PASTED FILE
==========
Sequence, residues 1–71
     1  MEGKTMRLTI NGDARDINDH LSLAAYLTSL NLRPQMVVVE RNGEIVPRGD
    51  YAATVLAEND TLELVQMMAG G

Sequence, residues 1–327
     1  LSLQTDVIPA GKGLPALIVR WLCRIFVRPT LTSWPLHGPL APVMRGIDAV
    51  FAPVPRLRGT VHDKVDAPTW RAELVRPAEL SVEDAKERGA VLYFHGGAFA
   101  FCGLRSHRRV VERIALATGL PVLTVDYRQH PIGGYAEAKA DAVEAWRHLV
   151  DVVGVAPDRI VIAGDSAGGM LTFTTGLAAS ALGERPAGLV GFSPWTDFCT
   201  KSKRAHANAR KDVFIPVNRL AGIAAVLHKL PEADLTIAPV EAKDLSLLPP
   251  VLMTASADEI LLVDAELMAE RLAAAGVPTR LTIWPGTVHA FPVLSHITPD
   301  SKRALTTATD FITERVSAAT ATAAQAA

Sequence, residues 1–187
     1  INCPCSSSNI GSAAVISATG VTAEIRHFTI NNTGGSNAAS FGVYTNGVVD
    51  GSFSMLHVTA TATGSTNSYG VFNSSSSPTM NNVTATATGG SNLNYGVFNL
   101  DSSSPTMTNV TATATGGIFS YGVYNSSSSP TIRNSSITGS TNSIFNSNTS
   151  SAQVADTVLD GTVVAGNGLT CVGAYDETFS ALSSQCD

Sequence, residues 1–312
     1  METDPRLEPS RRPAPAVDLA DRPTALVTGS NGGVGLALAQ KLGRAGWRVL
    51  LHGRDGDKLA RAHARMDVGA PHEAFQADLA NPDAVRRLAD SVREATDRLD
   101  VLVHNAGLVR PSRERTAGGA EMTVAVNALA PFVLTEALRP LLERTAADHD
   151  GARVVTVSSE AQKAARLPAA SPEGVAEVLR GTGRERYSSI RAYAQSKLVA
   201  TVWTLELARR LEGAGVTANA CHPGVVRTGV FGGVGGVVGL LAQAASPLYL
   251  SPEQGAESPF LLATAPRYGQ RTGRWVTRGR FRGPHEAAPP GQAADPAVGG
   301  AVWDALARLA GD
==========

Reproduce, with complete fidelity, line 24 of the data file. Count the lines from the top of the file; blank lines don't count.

   301  AVWDALARLA GD